Prison System Off Hook for Alleged Sex Assaults

     (CN) – A woman who said she was raped 17 times by a prison guard cannot collect damages from the West Virginia prison system, the state’s highest court ruled.
     The plaintiff, identified only as “A.B.” in the court’s opinion, was convicted in 2006 of two counts of third-degree sexual assault for having intercourse with her boyfriend’s 14-year-old son.
     She was sentenced to consecutive prison terms of one to five years. After she was released, A.B. violated her parole and was sent back to prison.
     She stated that beginning in the fall of 2009, she was raped orally and vaginally by D.H., a corrections officer, in the prison’s property room and the video arraignment room.
     D.H., not a party to the current appeal, denied the allegations. He filed an incident report stating that A.B. had propositioned him, asking if he wanted to “trade a favor for a favor” in exchange for “anything.”
     A.B. sued D.H. for constitutional rights violations, intentional torts and infliction of emotional distress.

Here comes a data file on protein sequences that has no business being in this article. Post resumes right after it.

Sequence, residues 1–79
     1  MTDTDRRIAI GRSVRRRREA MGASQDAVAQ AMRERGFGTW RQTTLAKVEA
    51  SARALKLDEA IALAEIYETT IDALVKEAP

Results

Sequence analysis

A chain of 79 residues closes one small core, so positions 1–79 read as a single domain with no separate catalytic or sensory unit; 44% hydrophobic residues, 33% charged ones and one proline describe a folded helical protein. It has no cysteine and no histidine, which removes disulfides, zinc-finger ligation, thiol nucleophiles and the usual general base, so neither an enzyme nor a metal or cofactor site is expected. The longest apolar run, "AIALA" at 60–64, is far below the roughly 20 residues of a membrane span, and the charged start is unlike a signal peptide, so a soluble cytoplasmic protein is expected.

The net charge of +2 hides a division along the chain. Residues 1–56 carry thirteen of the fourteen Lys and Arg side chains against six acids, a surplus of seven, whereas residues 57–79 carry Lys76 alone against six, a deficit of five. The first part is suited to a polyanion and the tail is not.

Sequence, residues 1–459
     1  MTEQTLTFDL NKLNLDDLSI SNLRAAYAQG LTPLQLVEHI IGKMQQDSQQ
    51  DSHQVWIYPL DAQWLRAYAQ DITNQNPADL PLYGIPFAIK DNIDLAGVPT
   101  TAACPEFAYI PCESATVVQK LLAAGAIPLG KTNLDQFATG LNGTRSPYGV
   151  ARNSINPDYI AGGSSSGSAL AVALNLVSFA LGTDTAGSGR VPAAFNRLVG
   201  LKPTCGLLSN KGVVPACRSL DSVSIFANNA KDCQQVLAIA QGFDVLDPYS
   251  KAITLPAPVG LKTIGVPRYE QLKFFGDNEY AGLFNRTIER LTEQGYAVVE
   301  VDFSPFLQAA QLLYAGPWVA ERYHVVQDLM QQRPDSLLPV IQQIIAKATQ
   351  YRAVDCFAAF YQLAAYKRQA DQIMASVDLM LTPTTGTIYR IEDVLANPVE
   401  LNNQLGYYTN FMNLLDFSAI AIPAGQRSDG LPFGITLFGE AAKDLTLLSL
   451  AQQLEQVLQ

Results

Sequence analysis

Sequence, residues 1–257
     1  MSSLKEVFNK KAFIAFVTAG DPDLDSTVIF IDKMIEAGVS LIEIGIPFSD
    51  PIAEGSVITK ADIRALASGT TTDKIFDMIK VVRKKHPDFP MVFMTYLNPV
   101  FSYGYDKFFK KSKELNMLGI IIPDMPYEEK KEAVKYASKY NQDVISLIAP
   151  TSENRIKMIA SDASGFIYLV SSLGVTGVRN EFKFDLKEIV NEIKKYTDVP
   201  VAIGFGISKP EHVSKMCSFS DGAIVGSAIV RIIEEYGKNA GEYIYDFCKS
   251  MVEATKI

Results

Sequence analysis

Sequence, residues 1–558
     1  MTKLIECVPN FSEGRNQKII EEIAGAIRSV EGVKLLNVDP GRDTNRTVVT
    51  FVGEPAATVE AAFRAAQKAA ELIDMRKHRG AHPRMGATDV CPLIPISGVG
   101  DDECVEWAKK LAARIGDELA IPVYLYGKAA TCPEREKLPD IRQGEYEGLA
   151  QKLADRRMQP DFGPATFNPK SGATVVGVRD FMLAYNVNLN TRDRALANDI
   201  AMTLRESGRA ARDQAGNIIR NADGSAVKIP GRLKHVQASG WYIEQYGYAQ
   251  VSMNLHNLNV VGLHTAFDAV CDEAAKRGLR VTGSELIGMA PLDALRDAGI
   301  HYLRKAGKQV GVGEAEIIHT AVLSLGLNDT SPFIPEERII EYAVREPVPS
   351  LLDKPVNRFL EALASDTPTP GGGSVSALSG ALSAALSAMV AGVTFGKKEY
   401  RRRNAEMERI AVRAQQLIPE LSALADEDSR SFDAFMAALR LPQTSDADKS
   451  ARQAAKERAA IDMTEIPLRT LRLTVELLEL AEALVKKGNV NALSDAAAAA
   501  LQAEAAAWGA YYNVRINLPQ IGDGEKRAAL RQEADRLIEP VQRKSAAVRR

She also sued the West Virginia Regional Jail and Correctional Facility Authority for negligent supervision, training and retention.
     While the case continues involving D.H., the trial court denied the jail authority’s claim of qualified immunity.
     However, the five justices of the West Virginia Supreme Court of Appeals overturned the ruling in a decision written by Justice Margaret L. Workman.
     She agreed with the jail authority that it was entitled to immunity because D.H.’s alleged actions were outside the scope of his job duties.
     “D.H. did not just allegedly commit acts which also ‘happened’ to be a crime,” Workman wrote, “he allegedly committed acts which were so divergent from the scope of his duties that they were made expressly felonious if committed by him in that context.”
     In addition, Workman stated that A.B. had not identified a regulation that the jail authority had violated relating to the training and retention of D.H.
     Workman added that her opinion did not mean that the jail authority did not have the duty to prevent prison rape.
     “The undisputed facts demonstrate that D.H. was trained annually on PREA (the state’s Prison Rape Elimination Act) and unquestionably understood that sexual contact with inmates was prohibited,” Workman wrote.

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